Artificial empathy - the next step in mental health tech?
By Martin Vowles - 08 Jun 2017
For the past 5 months, Plexus and Money and Mental Health have been working together to beta test The Shopper Stopper, a browser plug-in to make your self-control stronger and help you to think before you click.
Impulse buying is an emotional response. We rarely buy something we genuinely need with little thought, online, late at night. We buy things we think we want, perhaps to ease a little boredom, loneliness, stress. The Shopper Stopper allows users to identify the times of day when they’re at risk of impulsive spending and ‘close’ their access to online shops, restricting when they can make purchases through selected sites.
It’s a great resource to help people start managing their spending and during the test we’ve seen some amazing results, reaffirming our belief that there can’t be a one-size-fits-all solution to any health issue, especially in mental health.
Our daily lives include constant interaction with technology – Alexa, what’s the weather going to be like today? Siri, play the latest Radiohead album. What’s for dinner tonight – shall we order a pizza online? .
Massive corporations like Amazon, Google and Apple have brought artificial intelligence and machine learning into our homes in a way that’s made it second nature to technically engaged users. It’s become intuitive, in the same way that my 3 year old will touch any screen and expect it to interact with them.
Every day, mundane tasks like ordering food and shopping for household necessities is done through technology and even appealing parking tickets can be managed for us by chat bots like DoNotPay – the ‘world’s first robot lawyer’. The creators of this technology have made things easier and easier for us as they seek to reduce ‘friction’ – one-click shopping, mobile banking, integration with other apps like maps or creating tickets on your phone. Everything is getting quicker and easier.
But while there’s no doubt that reducing friction creates a better customer experience, is it good for us? It was much harder to give in to impulse shopping while bored or lonely when all your local stores were shut at 6pm. Seamless experiences can leave us open to indulging in damaging behaviour as we ease our emotional state by triggering the quick-hit, endorphin release of online shopping.
If only I had a heart...
We’ve traditionally held a sort of master-slave relationship with our tech. We ask it to perform a task for us and it completes it. Is it now time to deepen this relationship? Can we invest our trust in artificial intelligence to help manage our behaviour? A kind of artificial empathy?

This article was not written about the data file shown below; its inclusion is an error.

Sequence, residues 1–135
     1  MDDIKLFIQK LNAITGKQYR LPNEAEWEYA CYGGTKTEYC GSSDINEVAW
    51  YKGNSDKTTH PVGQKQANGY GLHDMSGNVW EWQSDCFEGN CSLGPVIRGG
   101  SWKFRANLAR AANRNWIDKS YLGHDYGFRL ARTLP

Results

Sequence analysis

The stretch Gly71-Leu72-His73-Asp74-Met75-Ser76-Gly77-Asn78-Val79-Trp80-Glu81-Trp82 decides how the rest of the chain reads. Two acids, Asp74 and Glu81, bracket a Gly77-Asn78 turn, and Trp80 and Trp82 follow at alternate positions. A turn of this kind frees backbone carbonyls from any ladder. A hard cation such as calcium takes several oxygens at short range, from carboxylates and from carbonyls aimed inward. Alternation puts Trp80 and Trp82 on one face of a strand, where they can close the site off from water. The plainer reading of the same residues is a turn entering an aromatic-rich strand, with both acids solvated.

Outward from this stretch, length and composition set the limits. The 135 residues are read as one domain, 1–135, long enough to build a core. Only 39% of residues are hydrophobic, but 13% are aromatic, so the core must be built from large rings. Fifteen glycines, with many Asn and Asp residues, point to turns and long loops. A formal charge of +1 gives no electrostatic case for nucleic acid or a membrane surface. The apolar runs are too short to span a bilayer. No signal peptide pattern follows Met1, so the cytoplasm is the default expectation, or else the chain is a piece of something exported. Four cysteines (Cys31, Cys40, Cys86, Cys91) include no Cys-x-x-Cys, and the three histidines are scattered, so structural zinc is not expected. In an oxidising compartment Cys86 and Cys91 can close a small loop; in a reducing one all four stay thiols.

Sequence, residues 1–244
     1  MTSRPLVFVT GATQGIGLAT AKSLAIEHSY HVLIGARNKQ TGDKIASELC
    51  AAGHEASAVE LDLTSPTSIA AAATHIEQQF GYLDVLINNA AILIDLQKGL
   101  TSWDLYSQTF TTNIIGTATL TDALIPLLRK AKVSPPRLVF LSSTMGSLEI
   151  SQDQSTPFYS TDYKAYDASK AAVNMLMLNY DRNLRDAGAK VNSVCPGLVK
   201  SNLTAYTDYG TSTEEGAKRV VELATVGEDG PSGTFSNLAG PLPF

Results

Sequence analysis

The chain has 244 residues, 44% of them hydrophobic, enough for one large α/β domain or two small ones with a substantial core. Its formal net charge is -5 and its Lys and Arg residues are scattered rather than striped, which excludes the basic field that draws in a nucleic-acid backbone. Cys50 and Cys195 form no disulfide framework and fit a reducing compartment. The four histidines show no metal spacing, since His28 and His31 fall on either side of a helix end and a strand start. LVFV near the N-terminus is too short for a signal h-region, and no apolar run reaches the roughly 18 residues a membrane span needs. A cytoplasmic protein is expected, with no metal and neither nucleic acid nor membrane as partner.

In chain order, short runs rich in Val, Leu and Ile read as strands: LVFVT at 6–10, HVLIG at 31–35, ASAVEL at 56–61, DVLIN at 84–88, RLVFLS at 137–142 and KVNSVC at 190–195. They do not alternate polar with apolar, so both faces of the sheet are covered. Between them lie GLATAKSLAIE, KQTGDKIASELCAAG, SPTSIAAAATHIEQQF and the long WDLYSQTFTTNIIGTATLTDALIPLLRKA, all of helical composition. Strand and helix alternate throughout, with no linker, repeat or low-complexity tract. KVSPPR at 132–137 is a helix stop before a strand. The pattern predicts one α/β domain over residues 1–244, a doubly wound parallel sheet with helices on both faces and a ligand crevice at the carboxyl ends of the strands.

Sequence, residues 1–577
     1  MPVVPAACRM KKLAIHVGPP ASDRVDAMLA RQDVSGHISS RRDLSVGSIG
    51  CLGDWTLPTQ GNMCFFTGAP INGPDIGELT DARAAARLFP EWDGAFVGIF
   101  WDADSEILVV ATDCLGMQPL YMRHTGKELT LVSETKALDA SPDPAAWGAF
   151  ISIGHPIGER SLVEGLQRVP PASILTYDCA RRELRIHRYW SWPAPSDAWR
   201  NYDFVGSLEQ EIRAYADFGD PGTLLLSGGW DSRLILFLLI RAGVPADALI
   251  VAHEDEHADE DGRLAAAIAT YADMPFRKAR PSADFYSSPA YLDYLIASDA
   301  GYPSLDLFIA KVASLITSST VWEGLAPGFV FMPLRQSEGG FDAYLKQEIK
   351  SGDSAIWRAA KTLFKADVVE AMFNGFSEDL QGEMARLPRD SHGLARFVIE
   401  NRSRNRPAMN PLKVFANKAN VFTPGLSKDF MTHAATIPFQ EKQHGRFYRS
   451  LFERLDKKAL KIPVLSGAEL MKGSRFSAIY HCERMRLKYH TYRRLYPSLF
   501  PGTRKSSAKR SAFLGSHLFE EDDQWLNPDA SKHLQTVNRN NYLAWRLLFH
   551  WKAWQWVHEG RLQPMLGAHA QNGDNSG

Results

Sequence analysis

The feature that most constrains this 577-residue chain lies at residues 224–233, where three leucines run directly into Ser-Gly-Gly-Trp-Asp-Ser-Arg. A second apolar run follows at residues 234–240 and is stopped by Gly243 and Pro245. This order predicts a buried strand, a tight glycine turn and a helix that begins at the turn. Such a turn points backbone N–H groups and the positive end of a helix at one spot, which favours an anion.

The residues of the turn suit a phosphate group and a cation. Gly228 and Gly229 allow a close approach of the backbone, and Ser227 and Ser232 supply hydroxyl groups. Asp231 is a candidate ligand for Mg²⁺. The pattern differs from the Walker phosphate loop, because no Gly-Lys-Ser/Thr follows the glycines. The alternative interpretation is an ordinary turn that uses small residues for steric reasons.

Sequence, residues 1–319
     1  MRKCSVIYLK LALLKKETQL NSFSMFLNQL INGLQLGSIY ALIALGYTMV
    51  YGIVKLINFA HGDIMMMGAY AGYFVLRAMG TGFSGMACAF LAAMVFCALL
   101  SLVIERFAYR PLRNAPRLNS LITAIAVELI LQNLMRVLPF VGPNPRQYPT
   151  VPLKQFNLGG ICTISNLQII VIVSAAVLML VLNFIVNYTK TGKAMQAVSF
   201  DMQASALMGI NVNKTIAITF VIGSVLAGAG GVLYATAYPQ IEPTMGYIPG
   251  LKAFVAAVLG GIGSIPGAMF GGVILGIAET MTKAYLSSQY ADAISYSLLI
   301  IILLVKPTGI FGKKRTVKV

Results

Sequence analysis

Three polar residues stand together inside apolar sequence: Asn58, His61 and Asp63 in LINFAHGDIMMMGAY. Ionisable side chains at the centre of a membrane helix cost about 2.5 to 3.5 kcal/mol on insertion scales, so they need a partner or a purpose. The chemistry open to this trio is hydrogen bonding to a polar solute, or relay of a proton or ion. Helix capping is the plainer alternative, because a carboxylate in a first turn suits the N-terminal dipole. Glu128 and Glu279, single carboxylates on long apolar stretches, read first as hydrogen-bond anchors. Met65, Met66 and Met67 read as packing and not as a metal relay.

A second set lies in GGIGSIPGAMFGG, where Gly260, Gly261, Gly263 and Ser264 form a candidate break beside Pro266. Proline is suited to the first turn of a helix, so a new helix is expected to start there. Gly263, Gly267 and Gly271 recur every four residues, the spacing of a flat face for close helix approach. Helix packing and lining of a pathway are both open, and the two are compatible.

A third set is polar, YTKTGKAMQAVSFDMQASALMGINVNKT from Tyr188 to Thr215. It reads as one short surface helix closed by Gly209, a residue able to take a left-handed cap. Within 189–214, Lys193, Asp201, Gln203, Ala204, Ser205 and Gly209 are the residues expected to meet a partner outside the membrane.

Plexus have also been developing a range of tools to help people nurture their mental fitness, through a developed process of ‘reflect, review, learn’. Grace takes five minutes a day and can help users identify patterns and stress points in their working week; Tuesdays for example, might be particularly stressful due to a change in commute or workload in the office. They may also discover that Tuesday evenings are when the bulk of their impulse purchasing is done and can connect the two. In this way, we hope that people are able to see a clearer view of their emotional health and gain help and support to take steps to address these challenges. Our little digital cup of tea.
Could technology like Alexa and Google Home do more to combine these approaches? It should be relatively simple for Amazon to introduce an optional function which limits users’ ability to complete purchases at certain times of day – redirecting items onto a wishlist or to the ‘save for later’ section in the shopping basket, and disabling one-click purchasing. Could it go further? Could machine learning allow it to identify purchasing patterns and to recognise the items as ‘want’ rather than ‘need’ purchases? Perhaps even suggesting other ways for the user to distract themselves, by watching a new series on Amazon TV or listening to a recently streamed album?
And do we trust them with our data?
The key to this kind of interaction is trust. We, as users, would need to develop trust in the companies we buy from to honestly help us manage our behaviour and not see them as solely interested in parting us from our cash and stealing us away from competitors. A big ask. We would also need to trust that our information and our privacy would be respected. Introducing Data Licences – something all users of Grace set up – giving them total control over their data and how it is used and shared with Plexus. It is renewed periodically so that users know what happening with their interactions. It’s a great first step to build this kind of trust and allow systems to be built up around them.
Naturally, The Shopper Stopper needs further user testing and refinement. Future iterations could utilise A.I. so that it can become a tool which helps to identify your positive and negative online behaviours, for example, via access to a user’s browser history or cookies being added by sites visited. This extra data should allow The Shopper Stopper to become a supporter who can give a gentle nudge when something may be amiss or when it sees trends that could be harmful to you in the long term.
We don’t have all the answers yet but we are just at the start of a journey to discover how we can evolve and manage our emotional relationship with artificial intelligence, and the new technological opportunities it will present in the coming years, not just to make life easier, but to make it better too.
Our trial of the The Shopper Stopper is coming to an end, though we’re keen to talk to organisations who’d be willing to take it on as a long term service for those who need it. Learn more about The Shopper Stopper.